Fans of disturbing science fiction have recently enjoyed the announcement of the refreshment of System Shock 2 by Nightdive Studio, which earlier worked on the first installment of the series. One could say that the time has come for the return of the iconic but virtually forgotten production. Therefore, it may be a surprise to discover that the original System Shock 2 has seen a few updates on Steam, the last of which made its debut last month.... However, this is not due to the publisher, but to an anonymous user - not even the devs at Nightdive know his/her identity.
System Shock 2 may enjoy cult status today, but its release in 1999 was hardly a commercial success. Suffice it to say that barely a year later its creators from Looking Glass Studios were forced to close the business. Of course, it also meant no further support for the game, still not free of bugs, and what's worse - not very compatible with new systems and components. Although the fans tried to take matters into their own hands, for a long time the game remained unavailable on subsequent Windows, Linux etc.. According to Rock Paper Shotgun, Stephen Kick, the CEOof Nightdive Studios, couldn't find a playable copy of SS2 in 2012. Frustrated, Kick contacted Star Insurance Company (the then owner of the System Shock franchise) to propose a re-release of the original installment instead of the planned continuation.
It would seem that from that point the course of events was obvious - Stephen Kick gathered a group of friends who new how to code and together they adapted the game for today's PCs. Except that didn't happen. It was a surprise for Kick, when shortly after this conversation an... update of Shock System 2was released. It not only allowed to run the game on modern machines, but also eliminated some of the errors of the original and allowed for the creation of mods. The patch appeared on the French forum Ariane4Ever as a work of a user known as Le Corbeau, who posted a similar file for Thief 2 (both productions used Dark Engine). The list of changes was so large that many suspected the creator of bad intentions, which fortunately did not turn out to be true.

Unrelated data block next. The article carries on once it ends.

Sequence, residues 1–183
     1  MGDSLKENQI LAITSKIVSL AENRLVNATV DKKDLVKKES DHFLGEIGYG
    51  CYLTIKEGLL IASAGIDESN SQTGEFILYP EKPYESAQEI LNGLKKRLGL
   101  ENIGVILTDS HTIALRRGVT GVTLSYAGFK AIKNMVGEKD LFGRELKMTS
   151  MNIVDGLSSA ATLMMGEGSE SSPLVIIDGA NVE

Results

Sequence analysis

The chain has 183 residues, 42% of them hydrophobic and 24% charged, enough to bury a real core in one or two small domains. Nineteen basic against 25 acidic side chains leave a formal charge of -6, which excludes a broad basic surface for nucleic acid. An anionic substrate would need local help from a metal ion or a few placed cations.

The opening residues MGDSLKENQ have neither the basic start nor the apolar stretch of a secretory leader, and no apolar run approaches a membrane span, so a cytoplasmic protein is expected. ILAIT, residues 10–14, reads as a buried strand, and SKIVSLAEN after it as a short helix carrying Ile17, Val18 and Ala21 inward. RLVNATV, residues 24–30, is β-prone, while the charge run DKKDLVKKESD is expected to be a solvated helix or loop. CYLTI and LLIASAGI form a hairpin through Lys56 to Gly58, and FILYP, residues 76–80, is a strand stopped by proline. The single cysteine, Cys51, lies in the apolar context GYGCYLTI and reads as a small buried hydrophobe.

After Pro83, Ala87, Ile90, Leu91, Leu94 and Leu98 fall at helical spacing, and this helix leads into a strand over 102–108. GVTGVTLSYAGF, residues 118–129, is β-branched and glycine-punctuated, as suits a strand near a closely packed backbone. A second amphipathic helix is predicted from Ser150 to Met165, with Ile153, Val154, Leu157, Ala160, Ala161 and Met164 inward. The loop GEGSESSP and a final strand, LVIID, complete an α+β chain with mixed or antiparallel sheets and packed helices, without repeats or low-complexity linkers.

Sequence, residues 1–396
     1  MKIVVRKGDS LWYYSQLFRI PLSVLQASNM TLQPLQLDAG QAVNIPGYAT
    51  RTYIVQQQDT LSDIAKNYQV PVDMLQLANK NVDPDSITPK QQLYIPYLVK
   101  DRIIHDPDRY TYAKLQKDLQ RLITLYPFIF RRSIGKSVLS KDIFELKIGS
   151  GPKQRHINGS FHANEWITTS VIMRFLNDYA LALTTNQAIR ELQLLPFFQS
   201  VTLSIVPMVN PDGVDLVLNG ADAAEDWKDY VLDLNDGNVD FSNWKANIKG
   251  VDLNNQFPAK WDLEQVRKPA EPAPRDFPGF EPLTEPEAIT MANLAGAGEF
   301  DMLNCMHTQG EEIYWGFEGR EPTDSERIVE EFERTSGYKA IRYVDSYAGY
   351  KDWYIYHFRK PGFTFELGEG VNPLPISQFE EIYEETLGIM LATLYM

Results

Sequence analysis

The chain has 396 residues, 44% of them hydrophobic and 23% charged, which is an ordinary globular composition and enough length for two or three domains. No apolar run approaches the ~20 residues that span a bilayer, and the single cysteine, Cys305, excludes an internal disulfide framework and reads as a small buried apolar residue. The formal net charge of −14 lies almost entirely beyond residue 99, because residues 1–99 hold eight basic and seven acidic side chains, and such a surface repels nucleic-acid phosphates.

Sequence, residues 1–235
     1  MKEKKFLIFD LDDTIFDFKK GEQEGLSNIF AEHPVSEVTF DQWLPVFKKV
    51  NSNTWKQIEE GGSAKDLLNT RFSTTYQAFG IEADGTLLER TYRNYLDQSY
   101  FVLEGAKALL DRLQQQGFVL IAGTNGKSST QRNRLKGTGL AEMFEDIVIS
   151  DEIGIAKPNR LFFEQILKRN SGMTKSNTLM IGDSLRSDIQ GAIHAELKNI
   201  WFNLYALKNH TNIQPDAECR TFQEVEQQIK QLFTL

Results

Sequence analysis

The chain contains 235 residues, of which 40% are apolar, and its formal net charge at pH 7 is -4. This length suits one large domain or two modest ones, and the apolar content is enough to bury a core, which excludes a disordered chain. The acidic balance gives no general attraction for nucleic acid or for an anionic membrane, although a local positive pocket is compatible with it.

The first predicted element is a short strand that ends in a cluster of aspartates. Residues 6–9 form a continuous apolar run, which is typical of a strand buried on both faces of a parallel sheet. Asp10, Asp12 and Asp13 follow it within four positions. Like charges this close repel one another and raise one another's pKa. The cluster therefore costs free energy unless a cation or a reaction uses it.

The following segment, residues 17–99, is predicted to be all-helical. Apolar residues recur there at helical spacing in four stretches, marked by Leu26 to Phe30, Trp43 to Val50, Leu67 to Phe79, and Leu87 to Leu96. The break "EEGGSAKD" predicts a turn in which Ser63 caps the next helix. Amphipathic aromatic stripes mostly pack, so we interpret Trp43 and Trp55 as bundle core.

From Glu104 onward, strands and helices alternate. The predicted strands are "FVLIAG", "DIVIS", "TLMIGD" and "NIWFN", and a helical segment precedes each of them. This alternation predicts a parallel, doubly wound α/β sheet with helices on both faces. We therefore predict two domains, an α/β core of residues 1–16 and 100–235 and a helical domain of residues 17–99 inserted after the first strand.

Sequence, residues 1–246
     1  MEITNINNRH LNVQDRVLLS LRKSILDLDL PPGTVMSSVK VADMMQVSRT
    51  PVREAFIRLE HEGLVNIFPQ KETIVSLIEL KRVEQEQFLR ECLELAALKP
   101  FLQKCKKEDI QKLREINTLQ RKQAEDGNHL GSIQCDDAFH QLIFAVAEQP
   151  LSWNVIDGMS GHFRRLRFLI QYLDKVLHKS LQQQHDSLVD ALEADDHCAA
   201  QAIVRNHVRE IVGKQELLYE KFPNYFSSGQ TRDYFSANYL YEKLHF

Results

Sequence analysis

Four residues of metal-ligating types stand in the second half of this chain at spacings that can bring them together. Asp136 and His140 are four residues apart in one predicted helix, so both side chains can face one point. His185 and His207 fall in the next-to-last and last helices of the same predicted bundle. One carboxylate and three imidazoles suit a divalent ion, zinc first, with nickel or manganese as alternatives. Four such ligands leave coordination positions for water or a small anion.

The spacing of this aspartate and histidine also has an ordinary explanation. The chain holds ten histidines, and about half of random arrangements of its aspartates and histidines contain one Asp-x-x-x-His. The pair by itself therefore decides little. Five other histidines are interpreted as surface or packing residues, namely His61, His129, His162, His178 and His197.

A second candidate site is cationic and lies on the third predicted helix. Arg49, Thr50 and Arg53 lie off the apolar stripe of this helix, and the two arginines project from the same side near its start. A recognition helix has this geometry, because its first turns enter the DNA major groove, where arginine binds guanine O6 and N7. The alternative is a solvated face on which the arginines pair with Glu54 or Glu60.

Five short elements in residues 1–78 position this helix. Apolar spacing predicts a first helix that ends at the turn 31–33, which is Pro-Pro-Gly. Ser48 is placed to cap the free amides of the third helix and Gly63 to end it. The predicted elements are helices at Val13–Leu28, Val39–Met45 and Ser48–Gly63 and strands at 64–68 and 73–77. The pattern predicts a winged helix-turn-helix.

Stephen Kick did not waste time and tried to contact Le Corbeau, but in vain. The creator appeared literally out of nowhere - he registered on the forum only on the day of publication of the patch and nobody was able to establish his identity. In this situation, Nightdive's CEO decided to make an intriguing move," he turned to GOG.com with a proposal to release System Shock 2 with the aforementioned patch (quickly baptized by the community as NewDark), informing the store about the origin of the update and renouncing the rights to it. Thus, on February 13, 2013, the second Shock System again saw the light of day. This alone shows what a breakthrough Le Corbeau's work was.
How was an unknown coder able to cope with a task that a large community of players had been breaking their minds about for many years? Nobody knows for sure, but some users reminded us of an event in 2010. It was then that Dreamcast-Talk forum was informed about the discovery of a disk containing the source code of Looking Glass Studios production. The link between the two events seems obvious.
But that's not all, because Le Corbeau didn't disappear as suddenly as he/she did. In the following years the creator released new versions of NewDark. These were usually released as an official patch on Steam and GOG.com, most likely including the patch from last month ["probably", because this time there were no thanks to the creator, which was included in the previous updates). Still, Le Corbeau remains unknown to this day, and Stephen Kick has still not been able to contact him/her (or them), despite repeated efforts. However, it must be admitted that the alleged Frenchman has made a name for him/herself among the fans of System Shock 2.